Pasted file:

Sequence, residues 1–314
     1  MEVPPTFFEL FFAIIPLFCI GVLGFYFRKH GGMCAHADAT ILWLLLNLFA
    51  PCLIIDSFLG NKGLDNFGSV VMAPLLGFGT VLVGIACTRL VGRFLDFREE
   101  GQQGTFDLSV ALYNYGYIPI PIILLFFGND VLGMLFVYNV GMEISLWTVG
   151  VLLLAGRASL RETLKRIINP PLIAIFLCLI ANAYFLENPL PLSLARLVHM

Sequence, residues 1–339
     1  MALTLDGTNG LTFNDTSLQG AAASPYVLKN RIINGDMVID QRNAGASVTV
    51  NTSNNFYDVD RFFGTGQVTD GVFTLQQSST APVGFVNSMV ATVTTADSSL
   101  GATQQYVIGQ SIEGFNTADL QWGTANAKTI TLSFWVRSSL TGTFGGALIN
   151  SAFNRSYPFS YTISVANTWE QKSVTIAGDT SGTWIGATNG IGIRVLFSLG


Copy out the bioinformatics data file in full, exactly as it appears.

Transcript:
Sequence, residues 1–314
     1  MEVPPTFFEL FFAIIPLFCI GVLGFYFRKH GGMCAHADAT ILWLLLNLFA
    51  PCLIIDSFLG NKGLDNFGSV VMAPLLGFGT VLVGIACTRL VGRFLDFREE
   101  GQQGTFDLSV ALYNYGYIPI PIILLFFGND VLGMLFVYNV GMEISLWTVG
   151  VLLLAGRASL RETLKRIINP PLIAIFLCLI ANAYFLENPL PLSLARLVHM

Sequence, residues 1–339
     1  MALTLDGTNG LTFNDTSLQG AAASPYVLKN RIINGDMVID QRNAGASVTV
    51  NTSNNFYDVD RFFGTGQVTD GVFTLQQSST APVGFVNSMV ATVTTADSSL
   101  GATQQYVIGQ SIEGFNTADL QWGTANAKTI TLSFWVRSSL TGTFGGALIN
   151  SAFNRSYPFS YTISVANTWE QKSVTIAGDT SGTWIGATNG IGIRVLFSLG